In 2016, the regional World Economic Forum on Africa took place in Kigali, Rwanda’s capital, and was focused on “Connecting Africa’s Resources through Digital Transformation.” It’s no coincidence the event was located there, given that Rwanda is known as a “regional high-tech hub and boasts one of sub-Saharan Africa’s fastest GDP growth rates.”
In Kigali, SAP kicked off its second year of Africa Code Week with a media briefing with Jean Philbert Nsengimana, Rwanda ICT & Youth minister. Since its inception in 2015, Africa Code Week has benefited 1.8 million young Africans from ages eight to 24 through software coding and digital skills. This year, SAP anticipates participation from 36 countries across Africa, reaching up to 600,000 youth.
Addressing Global Issues: Research, Policy, Action
Just as the United Nations (UN) has defined 17 Global Goals to create a world without poverty, a healthy planet, and a just, peaceful society for everyone, the Forum has identified 14 interconnected “Systems” that reflect the global, regional, and industry challenges facing the world today. Ranging from environment and natural resource security to the industry systems that determine the effectiveness of supply and demand, partners like SAP, along with government and non-profit constituents, join together to collectively influence and address these challenges and opportunities together with the Forum throughout the year. They do this through research, strategy, and policy recommendations and through impact-oriented projects.
In alignment with its business strategy and goals, SAP is engaged in the following systems:
- Digital Economy and Society
- Education, Gender and Work
- Future of Production
- Future of Consumption
- Future of Environment and Natural Resource Security
As well as a member of the Tech Pioneer community and a founding partner of the Center for the Fourth Industrial Revolution, SAP Concur is also a key contributor to the Aviation, Travel, and Tourism industry, which continues to make a real difference to the lives of millions of people by driving growth, creating jobs, reducing poverty, and fostering development and tolerance.
Let’s take a closer look at SAP’s participation in the Future of Education, Gender, and Work. Forum publications such as the Future of Jobs and the Global Gender Gap Report provide the facts to frame the discussion and set the global agenda for how the world addresses these business-critical issues. SAP contributes expertise, as well as business data and commitments to this important work.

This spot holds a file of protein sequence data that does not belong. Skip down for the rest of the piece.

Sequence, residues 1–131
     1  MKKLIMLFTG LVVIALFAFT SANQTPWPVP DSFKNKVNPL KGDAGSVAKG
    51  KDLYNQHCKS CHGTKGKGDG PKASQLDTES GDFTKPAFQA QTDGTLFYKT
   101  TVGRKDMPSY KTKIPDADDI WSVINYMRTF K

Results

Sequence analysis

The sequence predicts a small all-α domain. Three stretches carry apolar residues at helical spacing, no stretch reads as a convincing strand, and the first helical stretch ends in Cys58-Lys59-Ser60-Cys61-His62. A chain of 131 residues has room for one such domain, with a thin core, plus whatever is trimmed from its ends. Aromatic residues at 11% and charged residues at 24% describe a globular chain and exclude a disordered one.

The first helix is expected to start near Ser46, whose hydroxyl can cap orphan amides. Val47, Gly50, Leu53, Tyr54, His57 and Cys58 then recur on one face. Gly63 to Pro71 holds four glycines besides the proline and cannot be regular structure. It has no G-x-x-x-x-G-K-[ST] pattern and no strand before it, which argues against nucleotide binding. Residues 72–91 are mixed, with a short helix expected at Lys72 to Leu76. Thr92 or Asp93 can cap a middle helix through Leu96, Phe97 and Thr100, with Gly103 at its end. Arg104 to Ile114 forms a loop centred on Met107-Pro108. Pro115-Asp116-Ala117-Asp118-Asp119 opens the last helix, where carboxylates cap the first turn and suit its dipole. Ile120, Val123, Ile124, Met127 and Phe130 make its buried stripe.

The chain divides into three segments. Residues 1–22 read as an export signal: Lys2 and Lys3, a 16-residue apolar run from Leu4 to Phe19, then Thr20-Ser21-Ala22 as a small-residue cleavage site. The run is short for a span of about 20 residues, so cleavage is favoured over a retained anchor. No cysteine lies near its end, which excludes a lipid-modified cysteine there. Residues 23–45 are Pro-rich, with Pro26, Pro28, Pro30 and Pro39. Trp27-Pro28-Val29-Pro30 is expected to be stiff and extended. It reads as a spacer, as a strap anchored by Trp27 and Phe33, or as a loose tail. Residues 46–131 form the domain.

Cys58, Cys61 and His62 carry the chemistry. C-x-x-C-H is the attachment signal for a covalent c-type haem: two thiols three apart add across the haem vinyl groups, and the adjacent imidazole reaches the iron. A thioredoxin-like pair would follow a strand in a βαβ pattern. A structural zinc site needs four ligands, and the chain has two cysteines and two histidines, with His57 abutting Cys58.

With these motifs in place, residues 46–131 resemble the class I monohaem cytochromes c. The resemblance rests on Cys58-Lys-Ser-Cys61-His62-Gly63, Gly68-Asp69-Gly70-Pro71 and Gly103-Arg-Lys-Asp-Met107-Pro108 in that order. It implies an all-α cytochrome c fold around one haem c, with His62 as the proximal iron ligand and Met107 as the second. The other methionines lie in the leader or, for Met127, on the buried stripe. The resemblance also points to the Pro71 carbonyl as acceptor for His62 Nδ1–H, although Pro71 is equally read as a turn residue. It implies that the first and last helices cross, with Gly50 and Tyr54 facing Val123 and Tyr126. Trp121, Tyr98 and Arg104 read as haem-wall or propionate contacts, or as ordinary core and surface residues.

You can’t impact what you can’t measure. Building on the critical insights derived from the research, business such as SAP want to see action and impact. SAP is a founding partner of an initiative of IT companies within the Forum — including CA Technologies, Cisco, HPE, Tata Consultancy Services, and Salesforce — that seeks to address job displacement arising from automation and the Fourth Industrial Revolution. Launched in Davos 2018, the SkillSET online learning portal consolidates key elements of the individual partner companies’ training libraries. Users will have access free of charge to the most up-to-date, self-paced training materials from these global IT leaders. Courses offerings range from general business skills to introductory digital literacy to more advanced topics such as cybersecurity, Big Data, or Internet of Things. The initiative is committed to reaching 1 million people with resources and training opportunities by January 2021.
Finally, the Forum’s media platform reaches millions of people around the globe. SAP CEO Bill McDermott and Claudio Muruzabal, president of SAP Latin America, both contributed significant insights and thought leadership to the conversation around the changing nature of work and our approach as responsibilities business leaders to address the challenges of the Fourth Industrial Revolution. Read more from McDermott and Muruzabal:
The world requires new levels of collaboration. It requires organizations to continue to acknowledge that no one has all the answers or can dominate innovation. That we will only overcome these challenges through partnership and bringing our best to the table. For SAP, that means continuing to help organizations become best run. SAP’s 91,000 employees representing more than 130 nationalities will continue to help “Improve the State of the World” by guiding organizations, governments, and businesses to transform, and — as importantly — challenge them to innovate to succeed beyond traditional constraints.
The challenges we face in the 21st century may be complex, but the way forward is clear: When purpose-driven missions align, the world benefits.
Lourdes Rosales is SAP partner manager to the World Economic Forum.